Point/Counterpoint: Debating Obama and McCain on economics

This article has been corrected. You may view this article’s correction here.

Obama

By Ben Lazarus

A week from Tuesday, Americans have a choice. It’s not between tax cuts or tax increases. It’s not between Wall Street and Main Street. The choice is between the past and the future.

For eight years it has been ideology, not common sense, that has ruled. The dogma of tax cuts has superseded any consideration of the facts. You can’t cut taxes, increase spending, fight two wars and be fiscally conservative. You can’t assume that skyrocketing CEO compensation will magically trickle down. As a nation, we are facing a very serious financial crisis. We have to solve it, not wish it away. Forget the rest for a moment. That is the fundamental reason why we need to elect Barack Obama.

The middle class drives the American economy. It is both the workforce and the consumer market. We have to invest in the middle class to get our financial situation back on track. But investment means more than tax cuts. The tax burden of Americans making less than $250,000 a year should not increase. But that’s just the start.

If we want a competitive workforce for the next century, it needs to be educated. Sen. Obama will give Americans sending their children to college a tax credit. John McCain’s plan is to “simplify existing benefits,” claiming that tuition rates are going up simply because Americans are not claiming the benefits already offered to them. In other words, do nothing.

If we want to create jobs, we need to develop new industries. Sen. Obama will invest in green technologies and set goals such as having 10 percent of our electricity come from renewable sources by 2012. We know that setting goals and investing to meet them spurs the American economy, just as the space program of the 1960s did. John McCain is still wedded to the tired, “Drill baby, drill.” We cannot drill our way to energy independence, and, even if we could, it would not create new jobs or industries.

If we want to stop getting gauged at the pump while oil companies walk away with record-setting profits, we need to institute a windfall profits tax. With that money, American families will get a $1,000 energy rebate, and it will create an incentive for companies to invest in making more affordable energy, not paying off their executives. John McCain will be the oil CEOs’ best friend since Dick Cheney.

Finally, if we want the middle class to get back on track, we need to have universal health care. We can insure the more than 45 million uninsured, and we can introduce lower healthcare costs for American small businesses that have to choose between insuring their workers and making a profit. John McCain will, for the first time ever, tax health benefits as income.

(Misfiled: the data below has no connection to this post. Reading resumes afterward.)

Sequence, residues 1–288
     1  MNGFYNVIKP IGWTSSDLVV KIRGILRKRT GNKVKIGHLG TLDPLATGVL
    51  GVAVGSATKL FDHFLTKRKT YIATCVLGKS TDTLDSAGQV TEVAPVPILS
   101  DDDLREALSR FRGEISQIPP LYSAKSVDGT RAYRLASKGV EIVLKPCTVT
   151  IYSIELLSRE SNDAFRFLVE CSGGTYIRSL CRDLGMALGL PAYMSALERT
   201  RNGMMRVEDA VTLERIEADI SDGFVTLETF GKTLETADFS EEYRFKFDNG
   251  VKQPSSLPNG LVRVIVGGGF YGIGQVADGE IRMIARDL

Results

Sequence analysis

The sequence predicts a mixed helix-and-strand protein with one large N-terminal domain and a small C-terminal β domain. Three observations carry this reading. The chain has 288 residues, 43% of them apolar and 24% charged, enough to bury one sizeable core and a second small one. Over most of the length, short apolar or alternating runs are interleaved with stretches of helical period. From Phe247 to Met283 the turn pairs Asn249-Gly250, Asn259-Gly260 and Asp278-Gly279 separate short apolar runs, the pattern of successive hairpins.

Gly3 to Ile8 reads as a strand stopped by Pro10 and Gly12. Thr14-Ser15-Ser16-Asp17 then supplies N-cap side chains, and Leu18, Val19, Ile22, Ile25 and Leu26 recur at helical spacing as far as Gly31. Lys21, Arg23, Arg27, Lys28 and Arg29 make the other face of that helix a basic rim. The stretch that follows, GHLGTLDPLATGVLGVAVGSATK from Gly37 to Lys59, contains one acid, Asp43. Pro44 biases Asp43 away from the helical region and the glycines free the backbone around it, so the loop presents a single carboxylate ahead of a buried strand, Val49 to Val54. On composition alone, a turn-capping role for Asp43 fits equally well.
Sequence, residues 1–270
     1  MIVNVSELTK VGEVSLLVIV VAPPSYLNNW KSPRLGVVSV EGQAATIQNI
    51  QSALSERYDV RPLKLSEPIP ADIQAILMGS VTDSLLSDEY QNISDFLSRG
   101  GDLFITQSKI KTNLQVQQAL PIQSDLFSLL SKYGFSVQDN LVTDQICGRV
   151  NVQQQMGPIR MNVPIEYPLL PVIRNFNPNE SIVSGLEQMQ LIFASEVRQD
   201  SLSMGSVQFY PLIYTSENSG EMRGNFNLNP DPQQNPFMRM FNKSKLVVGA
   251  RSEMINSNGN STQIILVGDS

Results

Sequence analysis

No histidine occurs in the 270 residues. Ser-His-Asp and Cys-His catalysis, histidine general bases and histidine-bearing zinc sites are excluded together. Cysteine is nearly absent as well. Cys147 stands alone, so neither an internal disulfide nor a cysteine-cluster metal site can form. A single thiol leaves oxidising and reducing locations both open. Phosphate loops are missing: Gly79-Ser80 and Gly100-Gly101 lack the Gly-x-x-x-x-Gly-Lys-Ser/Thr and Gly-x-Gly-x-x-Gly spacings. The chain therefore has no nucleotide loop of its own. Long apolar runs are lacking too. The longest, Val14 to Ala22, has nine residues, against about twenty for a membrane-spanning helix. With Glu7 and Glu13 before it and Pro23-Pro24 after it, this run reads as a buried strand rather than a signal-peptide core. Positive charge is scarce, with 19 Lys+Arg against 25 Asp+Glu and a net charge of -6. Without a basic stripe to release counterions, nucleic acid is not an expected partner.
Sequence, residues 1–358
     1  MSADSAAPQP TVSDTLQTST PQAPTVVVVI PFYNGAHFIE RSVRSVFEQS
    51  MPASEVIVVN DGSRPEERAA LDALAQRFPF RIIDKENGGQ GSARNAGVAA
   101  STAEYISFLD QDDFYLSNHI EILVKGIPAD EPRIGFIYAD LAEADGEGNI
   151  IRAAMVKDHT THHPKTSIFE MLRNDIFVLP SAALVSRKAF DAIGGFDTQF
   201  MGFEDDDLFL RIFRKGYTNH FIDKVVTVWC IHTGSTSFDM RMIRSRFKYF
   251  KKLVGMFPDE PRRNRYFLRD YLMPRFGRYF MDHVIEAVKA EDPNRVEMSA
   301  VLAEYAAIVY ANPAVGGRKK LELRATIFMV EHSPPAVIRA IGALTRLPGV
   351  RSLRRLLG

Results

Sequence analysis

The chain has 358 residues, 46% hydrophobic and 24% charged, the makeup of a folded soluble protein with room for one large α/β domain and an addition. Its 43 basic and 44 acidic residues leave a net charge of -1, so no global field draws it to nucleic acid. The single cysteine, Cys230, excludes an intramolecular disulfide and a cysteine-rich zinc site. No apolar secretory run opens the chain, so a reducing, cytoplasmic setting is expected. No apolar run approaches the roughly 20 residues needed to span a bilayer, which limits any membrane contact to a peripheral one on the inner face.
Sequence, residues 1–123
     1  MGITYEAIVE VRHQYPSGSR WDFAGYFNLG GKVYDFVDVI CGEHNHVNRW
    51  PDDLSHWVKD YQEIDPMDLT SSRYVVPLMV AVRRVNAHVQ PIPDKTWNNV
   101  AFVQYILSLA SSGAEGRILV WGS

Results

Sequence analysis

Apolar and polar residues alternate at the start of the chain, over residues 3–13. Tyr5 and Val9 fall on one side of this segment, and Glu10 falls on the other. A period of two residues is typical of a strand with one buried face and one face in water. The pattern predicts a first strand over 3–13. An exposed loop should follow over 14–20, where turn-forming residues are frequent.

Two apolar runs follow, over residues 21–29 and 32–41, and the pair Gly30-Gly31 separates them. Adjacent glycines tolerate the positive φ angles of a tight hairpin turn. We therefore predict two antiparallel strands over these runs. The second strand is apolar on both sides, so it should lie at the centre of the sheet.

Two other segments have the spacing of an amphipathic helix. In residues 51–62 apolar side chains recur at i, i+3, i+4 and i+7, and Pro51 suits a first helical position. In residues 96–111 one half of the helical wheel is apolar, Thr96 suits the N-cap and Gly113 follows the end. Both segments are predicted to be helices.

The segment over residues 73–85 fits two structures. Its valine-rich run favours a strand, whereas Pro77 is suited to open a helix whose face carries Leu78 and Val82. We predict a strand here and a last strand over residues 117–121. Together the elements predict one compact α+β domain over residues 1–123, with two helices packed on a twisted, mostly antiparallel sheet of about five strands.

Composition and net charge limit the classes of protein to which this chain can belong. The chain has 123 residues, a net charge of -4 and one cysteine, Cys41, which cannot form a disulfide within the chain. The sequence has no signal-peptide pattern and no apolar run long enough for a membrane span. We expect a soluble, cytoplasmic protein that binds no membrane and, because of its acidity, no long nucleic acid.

Sen. Obama believes that if we invest in our future, we can make it brighter. These policies are common-sense solutions to the problems we face. Sen. McCain looks at eight years of policy that has dug us into the hole and tells us, his friends, to keep digging.

Ben Lazarus is a junior in Berkeley College.


McCain

By Brad Galiette

The financial ­— and, indeed, economic — challenges facing our country can only be addressed by a president with the kind of experience, vision and resilience offered by Senator John McCain to lead our country out of these troubled times and toward long-term economic prosperity.

Senator McCain’s plan for the economy seeks to maintain and create good jobs at home. With companies facing decreased demand for their products and services, many firms are considering reducing their workforces in order to stay in business. John McCain realizes that the best way to prevent these potential losses is to make it more affordable for businesses to maintain domestic jobs. By reducing the corporate tax rate from 35 to 25 percent, McCain’s plan would provide businesses of all sizes with more resources to hire and maintain workers. McCain also intends to offer American companies a 10 percent tax credit on salaries paid to employees performing research and development, a credit that would incentivize the creation of new technologies that are key to providing America with new, well-paying jobs in the 21st century. While these jobs will certainly help our economy down the road, McCain also has a framework to reduce foreclosures in our country today; his “HOME Plan” initiative seeks to help mortgage borrowers stay in their homes by working with lenders to provide affordable alternatives to at-risk homeowners.

In addition to investing at home, we also need to make sure that our government is acting with fiscal responsibly. By performing a thorough review of federal programs and annual spending, McCain has a plan to bring the U.S. budget into balance by 2013 by eliminating wasteful spending and corrupt pork-barrel projects. These efforts — along with entitlement program reform — will provide our country with a solid economic future by making sure that many trillions of dollars in additional debt are not unfairly and unwisely placed on the shoulders of today’s young people.

Much of Barack Obama’s platform will saddle future generations with enormous amounts of new debt at a time when such spending is unwise. Many of these new government programs that Obama has proposed — though very well-intended — are not likely to create sustainable, private-sector jobs in this country, all while imposing new levels of taxation that will make it more challenging for countless small businesses to achieve the level of growth that has driven our country’s economy for years.

Senator John McCain has a plan that embraces our country’s current economic realities both to effectively address the current difficulties in our financial markets and to give us the framework necessary to lead our country toward continued and increased prosperity.

Brad Galiette is a senior in Jonathan Edwards College.

Comments